January 31, 2012
The Effects of the Media on Young Women
Women seen in the media are typically gorgeous, thin, and flawless. Seeing these characteristics promotes an unrealistic body type that many girls strive to have. What this does is lower the self-esteem of these girls, ultimately leading to unhealthy eating habits and disorders. A study done by Harvard researcher Anne Becker demonstrated this by examining the effects of television in Fiji. Television was introduced in Fiji in 1995. At this time, only three percent of girls there reported they vomited to control their weight. However, three years later, fifteen percent of girls reported they acquired the same behavior. The culture in Fiji generally promotes eating healthy and looking robust, so this is considered a dramatic change in behavior for a culture that encourages the opposite (Corydon, 1). Another factor consider when looking at eating disorders caused by the media is that twenty years ago, models weight eight percent less than the average woman. Today, they weigh twenty-three percent less (Media-Awareness, 1).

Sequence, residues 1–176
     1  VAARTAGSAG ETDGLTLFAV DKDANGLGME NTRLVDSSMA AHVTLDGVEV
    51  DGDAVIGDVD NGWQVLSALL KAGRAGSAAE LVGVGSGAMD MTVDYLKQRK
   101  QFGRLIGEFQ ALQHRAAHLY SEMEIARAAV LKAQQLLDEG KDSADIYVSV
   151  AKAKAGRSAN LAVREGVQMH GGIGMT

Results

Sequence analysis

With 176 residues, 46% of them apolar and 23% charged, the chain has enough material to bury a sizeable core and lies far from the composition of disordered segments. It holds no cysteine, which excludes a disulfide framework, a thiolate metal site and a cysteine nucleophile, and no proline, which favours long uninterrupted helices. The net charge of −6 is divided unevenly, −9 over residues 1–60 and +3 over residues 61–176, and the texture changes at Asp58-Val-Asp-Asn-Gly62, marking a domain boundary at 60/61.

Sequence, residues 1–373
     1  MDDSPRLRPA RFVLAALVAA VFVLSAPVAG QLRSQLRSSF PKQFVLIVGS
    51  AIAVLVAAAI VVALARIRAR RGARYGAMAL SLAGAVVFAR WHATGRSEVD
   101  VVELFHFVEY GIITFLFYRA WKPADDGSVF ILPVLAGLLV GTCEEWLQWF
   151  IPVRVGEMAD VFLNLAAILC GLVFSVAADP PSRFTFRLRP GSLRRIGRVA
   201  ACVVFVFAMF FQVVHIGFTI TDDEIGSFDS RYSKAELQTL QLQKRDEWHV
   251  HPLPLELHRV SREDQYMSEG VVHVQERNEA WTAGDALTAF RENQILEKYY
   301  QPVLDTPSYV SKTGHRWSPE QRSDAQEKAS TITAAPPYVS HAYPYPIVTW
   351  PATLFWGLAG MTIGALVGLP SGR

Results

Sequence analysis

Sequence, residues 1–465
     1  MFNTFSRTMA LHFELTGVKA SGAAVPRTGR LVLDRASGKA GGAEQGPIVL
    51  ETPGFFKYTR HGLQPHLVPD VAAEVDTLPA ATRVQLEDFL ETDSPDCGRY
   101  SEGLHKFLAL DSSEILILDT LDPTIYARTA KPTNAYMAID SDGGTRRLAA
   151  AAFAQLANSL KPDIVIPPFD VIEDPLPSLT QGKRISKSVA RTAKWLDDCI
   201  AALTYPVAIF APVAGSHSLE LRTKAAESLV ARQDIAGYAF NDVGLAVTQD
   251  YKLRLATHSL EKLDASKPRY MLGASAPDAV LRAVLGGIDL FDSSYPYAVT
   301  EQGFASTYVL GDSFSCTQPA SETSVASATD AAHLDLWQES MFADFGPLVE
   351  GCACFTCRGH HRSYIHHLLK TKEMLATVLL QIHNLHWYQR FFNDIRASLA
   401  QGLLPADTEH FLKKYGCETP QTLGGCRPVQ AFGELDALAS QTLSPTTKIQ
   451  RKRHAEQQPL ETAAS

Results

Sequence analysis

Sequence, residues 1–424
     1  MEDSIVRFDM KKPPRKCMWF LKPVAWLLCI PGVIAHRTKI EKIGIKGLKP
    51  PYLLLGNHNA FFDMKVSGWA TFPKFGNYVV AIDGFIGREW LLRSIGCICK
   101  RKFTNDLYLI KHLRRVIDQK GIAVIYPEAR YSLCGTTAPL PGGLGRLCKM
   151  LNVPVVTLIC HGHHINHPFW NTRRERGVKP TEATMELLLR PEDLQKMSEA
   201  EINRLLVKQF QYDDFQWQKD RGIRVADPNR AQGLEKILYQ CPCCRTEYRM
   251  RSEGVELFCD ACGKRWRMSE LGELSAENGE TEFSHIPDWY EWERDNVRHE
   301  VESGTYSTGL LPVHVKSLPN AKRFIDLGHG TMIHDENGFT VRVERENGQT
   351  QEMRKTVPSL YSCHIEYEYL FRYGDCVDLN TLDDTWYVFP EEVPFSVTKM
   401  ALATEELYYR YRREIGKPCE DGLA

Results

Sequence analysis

Sexualization is another effect the media has on young girls. An article by BBC News defines sexualization as “occurring when a person’s value comes only from her or his sexual appeal or behavior, to the exclusion of other characteristics, and when a person is portrayed purely as a sex object.” Television shows such as Gossip Girl and other shows similar to Gossip Girl substantially consist of sexual content. A large percentage of the viewers of these shows are young girls who look up to the characters they see on television. When they see their role models dressing and acting the way they do, they want to do the same. One study found that adolescents who have seen a lot of media with sexual content were more than twice as likely as others to have had sex by the time they were sixteen (TIME). Furthermore, many songs heard on the radio appeal to young girls,...